ZAMUDIO-SOTO v. BAYER HealthCARE PHARMACEUTICALS INC. (US Dist. Ct, ND California, January 27, 2017). In this matter, a major product liability claim was barred on statute of limitation grounds based exclusively on the Plaintiff’s comments on her Facebook post.  Plaintiff’s Facebook comments drew a connection to her injury and the alleged defective product in question, and was posted on May 26, 2011, more than two years prior to her filing suit against Bayer. The court determined that Plaintiff’s Facebook post started the clock for her to bring her claim within the two year statute of limitations period. However, as she did not file her suit until January 2015, the court ultimately barred her action.

Jacobus v. Trump, (NY Supreme Court, January 9, 2017) This high-profile libel case is notable in that the claim against then-candidate Donald Trump was exclusively based upon social media evidence in the form of two separate tweets. Plaintiff Jacobus is a Republican political consultant and frequent commentator on television news channels and other media outlets, who was contacted by the Donald Trump campaign to potentially serve as a key staff member. After several meetings, Plaintiff ultimately did not join the campaign, based upon what she asserts was a mutual decision.  A few months later, Jocobus appeared on CNN where she made some comments that were critical of Trump. In response, Trump tweeted:  “@cherijacobus begged us for a job. We said no and she went hostile. A real dummy!”  A day later, on February 3, 2016, Plaintiff’s then lawyer sent Trump a cease and desist letter. Two days after that, Trump posted the following tweet about Plaintiff: “Really dumb @CheriJacobus. Begged my people for a job. Turned her down twice and she went hostile. Major loser, zero credibility!” Ultimately the court construed Trump’s comments to be “hyperbolic” opinion, based upon subjective perception of events, and thus did not constitute defamation under the law, and thereby dismissed Jacobus’s claim.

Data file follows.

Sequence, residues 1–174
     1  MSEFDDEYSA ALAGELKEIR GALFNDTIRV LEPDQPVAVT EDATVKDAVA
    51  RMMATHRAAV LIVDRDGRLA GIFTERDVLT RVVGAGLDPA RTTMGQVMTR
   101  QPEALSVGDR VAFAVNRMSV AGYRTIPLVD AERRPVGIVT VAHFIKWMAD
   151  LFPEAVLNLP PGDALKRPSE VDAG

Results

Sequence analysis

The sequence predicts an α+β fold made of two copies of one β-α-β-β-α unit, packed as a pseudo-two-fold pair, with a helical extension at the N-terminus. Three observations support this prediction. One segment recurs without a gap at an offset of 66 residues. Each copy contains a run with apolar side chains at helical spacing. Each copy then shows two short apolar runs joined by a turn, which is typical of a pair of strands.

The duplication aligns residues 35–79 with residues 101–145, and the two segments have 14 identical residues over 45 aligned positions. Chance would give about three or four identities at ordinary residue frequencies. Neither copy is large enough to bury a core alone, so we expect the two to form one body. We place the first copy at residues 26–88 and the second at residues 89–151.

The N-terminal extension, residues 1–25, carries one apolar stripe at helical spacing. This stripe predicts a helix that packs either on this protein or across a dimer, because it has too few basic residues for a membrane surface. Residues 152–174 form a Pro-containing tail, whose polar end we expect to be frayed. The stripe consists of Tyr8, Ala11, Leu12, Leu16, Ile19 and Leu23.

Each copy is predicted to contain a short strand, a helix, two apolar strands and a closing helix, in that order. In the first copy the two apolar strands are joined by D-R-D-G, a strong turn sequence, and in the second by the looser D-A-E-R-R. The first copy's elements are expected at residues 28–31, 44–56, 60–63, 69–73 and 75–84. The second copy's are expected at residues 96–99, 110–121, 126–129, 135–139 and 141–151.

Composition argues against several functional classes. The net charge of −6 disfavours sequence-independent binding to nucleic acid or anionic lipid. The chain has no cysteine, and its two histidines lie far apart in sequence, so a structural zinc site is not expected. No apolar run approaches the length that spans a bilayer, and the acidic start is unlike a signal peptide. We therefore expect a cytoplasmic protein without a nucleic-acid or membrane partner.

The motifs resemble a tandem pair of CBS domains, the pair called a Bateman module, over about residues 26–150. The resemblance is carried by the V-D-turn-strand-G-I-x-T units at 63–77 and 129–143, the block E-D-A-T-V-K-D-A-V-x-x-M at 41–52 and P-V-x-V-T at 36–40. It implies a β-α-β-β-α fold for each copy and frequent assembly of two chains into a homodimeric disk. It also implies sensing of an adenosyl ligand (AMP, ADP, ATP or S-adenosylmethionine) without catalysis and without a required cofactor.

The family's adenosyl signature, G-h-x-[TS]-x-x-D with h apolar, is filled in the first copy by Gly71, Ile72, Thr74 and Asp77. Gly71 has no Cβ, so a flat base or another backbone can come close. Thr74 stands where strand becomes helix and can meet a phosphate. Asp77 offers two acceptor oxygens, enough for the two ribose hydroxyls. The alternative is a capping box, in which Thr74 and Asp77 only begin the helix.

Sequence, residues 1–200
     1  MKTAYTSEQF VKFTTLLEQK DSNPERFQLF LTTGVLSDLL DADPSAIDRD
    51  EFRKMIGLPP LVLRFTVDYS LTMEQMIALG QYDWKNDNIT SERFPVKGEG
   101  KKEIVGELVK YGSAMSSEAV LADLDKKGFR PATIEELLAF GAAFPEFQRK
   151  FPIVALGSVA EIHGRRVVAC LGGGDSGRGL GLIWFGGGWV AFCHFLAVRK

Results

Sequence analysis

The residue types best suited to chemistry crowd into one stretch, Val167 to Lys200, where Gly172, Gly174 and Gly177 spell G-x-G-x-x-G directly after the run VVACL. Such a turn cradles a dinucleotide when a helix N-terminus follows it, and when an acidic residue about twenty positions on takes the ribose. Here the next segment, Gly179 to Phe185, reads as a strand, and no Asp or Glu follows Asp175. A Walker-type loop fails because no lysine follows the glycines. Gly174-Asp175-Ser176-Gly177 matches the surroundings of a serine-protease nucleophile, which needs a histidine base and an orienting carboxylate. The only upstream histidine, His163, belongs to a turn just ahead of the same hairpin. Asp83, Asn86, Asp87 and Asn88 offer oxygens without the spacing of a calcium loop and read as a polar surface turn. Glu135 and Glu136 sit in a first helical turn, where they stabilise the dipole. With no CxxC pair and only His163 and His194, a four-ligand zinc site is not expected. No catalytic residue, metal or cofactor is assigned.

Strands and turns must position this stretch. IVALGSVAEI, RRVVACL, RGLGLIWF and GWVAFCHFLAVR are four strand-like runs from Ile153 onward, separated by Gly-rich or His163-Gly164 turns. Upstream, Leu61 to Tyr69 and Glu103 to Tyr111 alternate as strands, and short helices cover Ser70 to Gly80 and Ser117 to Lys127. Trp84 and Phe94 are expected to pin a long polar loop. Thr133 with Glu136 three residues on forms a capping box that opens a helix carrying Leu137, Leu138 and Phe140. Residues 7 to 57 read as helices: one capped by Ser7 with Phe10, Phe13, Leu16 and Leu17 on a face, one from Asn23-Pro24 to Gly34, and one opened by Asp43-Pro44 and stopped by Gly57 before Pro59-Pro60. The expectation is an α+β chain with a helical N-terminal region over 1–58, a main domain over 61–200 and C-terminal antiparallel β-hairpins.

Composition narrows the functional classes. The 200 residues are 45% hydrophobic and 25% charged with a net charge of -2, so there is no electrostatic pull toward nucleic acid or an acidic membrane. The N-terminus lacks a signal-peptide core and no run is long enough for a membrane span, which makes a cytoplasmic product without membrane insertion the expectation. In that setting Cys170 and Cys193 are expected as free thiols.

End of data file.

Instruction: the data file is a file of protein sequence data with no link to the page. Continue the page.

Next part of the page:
Johnson v. ABF Freight System, Inc. US Dist. Court, MD Florida, January 27, 2017. This opinion is based upon a motion to compel discovery of the Plaintiff’s Facebook account. The Defendant asserted that Plaintiff’s Facebook account would be relevant to his damages claims arising out of a serious personal injury claim. The Court granted the motion to compel, but limited the production of the Facebook account to a certain date range and also only information that related to his employment and business activities and efforts to gain employment.

There is no question that the volume of cases involving social media evidence is increasing on a monthly basis. In addition to case law, another metric reflecting the industry’s standardization of social media evidence collection is the sheer volume of sophisticated customers that have now adopted X1 Social Discovery. Nearly 500 eDiscovery and computer forensics services firms have at least one paid copy of X1 Social Discovery. I cannot think of a single service provider in the eDiscovery space that performs at least some ESI collection services that does not have at least one paid X1 Social license. Social media evidence collection is now a standard practice in many law enforcement matters as well. So, if you are one of the minority of digital investigative or eDiscovery professionals who have not adopted X1 Social Discovery, please contact us for a demo today.